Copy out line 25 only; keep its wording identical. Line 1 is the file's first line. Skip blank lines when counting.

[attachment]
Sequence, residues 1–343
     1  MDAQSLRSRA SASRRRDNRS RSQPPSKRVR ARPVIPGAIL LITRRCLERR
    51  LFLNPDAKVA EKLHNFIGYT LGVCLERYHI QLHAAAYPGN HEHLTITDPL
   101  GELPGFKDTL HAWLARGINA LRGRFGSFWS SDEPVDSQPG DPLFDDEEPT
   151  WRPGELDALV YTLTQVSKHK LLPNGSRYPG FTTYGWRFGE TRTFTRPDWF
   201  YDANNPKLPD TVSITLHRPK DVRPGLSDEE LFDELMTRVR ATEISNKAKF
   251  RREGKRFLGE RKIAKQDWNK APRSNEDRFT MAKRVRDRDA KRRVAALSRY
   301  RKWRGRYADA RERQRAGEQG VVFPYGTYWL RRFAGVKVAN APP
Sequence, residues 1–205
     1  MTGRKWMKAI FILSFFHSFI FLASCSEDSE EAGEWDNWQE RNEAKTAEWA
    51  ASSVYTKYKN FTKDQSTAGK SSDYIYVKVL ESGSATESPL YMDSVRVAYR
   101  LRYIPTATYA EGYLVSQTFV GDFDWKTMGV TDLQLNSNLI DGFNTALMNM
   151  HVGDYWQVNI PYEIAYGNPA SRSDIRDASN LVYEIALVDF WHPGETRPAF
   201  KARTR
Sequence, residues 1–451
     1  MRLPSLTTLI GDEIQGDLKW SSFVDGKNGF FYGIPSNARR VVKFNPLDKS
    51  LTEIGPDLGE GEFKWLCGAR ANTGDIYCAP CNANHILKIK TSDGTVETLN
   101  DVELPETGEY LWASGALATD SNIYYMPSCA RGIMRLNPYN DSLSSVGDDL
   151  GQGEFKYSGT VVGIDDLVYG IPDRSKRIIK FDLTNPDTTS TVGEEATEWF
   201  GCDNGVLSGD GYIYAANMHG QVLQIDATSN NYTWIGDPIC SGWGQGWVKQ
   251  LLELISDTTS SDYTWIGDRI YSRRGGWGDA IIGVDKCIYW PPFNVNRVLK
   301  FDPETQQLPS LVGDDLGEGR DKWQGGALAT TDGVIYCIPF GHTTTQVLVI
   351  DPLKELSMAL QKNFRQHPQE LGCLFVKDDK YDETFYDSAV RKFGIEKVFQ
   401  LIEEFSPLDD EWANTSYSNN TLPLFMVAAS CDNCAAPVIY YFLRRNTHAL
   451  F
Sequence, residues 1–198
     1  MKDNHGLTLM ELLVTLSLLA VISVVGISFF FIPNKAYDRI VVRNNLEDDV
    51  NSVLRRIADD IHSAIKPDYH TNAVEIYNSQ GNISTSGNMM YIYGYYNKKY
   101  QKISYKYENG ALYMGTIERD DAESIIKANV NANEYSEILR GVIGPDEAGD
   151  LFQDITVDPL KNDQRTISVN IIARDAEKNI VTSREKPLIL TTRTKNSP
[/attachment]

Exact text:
   451  F